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2 2 O FRAGMEN TS OF SCIENCE.

I stop the vibrating fork; but the sound has not ceased.
The second fork has taken up the vibrations of its neigh-
bor, and is now sounding in its turn. I dismount one of
the forks, and permit the other to remain upon its stand.
I throw the dismounted fork into strong vibration, but you
cannot hear it sound. Detached from its stand the amount
of motion which it can communicate to the air is too small
to make itself sensible to the ear at any distance. I now
bring the dismounted fork close to the mounted one, but
not into actual contact with it. Out of the silence rises a
mellow sound. Whence comes it ? From the vibrations
which have been transferred from the dismounted fork to
the mounted one.

That motion should thus transfer itself through the air
it is necessary that the two forks should be in perfect unison.
If I place on one of the forks a morsel of wax not larger
than a pea, it is rendered thereby powerless to affect, or to
be affected by, the other. It is easy to understand this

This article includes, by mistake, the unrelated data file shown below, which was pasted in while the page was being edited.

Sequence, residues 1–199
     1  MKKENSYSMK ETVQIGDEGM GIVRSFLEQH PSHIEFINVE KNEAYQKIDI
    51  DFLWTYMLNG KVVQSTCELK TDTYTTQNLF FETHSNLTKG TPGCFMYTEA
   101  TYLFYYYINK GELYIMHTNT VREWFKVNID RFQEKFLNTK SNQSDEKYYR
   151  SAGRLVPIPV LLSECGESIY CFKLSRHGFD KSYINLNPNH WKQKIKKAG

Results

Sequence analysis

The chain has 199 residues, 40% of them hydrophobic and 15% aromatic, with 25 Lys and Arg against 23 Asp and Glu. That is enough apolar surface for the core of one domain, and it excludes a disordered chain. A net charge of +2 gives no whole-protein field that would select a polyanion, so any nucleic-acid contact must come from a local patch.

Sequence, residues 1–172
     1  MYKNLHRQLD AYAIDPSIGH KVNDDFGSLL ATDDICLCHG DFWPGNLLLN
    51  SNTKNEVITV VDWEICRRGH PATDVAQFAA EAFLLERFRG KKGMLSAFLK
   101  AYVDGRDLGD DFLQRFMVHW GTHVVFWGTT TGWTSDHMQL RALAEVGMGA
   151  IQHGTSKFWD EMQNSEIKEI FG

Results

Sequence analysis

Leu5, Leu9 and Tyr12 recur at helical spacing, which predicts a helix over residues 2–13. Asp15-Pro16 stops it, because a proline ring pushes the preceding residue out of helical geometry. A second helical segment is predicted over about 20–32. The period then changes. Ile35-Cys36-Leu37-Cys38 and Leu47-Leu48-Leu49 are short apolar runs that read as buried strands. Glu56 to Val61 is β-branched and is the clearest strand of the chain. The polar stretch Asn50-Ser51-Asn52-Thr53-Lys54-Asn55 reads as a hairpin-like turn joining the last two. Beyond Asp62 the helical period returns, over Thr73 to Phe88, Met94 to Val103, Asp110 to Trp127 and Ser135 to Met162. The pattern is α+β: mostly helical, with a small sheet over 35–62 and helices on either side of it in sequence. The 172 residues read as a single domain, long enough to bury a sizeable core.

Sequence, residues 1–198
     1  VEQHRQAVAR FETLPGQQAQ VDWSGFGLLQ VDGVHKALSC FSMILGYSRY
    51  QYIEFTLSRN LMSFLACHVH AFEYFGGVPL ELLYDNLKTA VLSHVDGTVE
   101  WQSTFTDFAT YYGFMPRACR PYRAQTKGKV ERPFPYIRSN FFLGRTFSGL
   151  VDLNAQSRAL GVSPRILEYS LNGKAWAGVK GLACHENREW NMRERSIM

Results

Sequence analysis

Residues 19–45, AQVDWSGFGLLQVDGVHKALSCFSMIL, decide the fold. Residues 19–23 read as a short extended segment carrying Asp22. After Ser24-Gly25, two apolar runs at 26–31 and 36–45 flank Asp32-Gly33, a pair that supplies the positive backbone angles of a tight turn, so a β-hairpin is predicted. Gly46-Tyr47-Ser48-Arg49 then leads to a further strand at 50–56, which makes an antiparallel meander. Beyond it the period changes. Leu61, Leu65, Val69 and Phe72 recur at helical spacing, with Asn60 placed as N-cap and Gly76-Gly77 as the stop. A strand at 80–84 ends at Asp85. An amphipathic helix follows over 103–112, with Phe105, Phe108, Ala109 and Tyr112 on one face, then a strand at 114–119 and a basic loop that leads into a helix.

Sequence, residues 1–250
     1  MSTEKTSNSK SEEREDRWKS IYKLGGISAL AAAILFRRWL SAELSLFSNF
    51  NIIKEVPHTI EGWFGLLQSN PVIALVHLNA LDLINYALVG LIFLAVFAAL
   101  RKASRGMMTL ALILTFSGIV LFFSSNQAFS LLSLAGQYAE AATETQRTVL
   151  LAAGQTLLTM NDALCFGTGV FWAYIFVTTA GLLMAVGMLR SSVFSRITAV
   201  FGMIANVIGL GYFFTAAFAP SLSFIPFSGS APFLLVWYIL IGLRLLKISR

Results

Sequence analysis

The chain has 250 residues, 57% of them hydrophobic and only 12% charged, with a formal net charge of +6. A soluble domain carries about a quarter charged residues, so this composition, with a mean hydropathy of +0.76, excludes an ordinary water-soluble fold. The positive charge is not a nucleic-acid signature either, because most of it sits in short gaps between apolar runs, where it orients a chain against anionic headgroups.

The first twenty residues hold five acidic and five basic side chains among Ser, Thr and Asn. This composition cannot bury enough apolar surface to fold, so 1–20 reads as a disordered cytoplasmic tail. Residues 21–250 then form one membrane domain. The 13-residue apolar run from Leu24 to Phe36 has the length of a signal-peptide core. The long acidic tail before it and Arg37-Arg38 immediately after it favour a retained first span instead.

experiment. The pulses of the one fork can affect the other,
because they are perfectly timed. A single pulse causes
the prong of the silent fork to vibrate through an infinitesi-
mal space. But just as it has completed this small vibra-
tion, another pulse is ready to strike it. Thus, the small
impulses add themselves together. In the five seconds
during which the forks were held near each other, the vi-
brating fork sent 1,280 waves against its neighbor, and
those 1,280 shocks, all delivered at the proper moment, all,
as I have said, perfectly timed, have given such strength
to the vibrations of the mounted fork as to render them
audible to you all.

Let me give you one other curious illustration of the
influence of synchronism on musical vibrations. Here are
three small gas-flames inserted in three glass tubes of dif-
ferent lengths. Each of these flames can be caused to emit
a musical note, the pitch of which is determined by the

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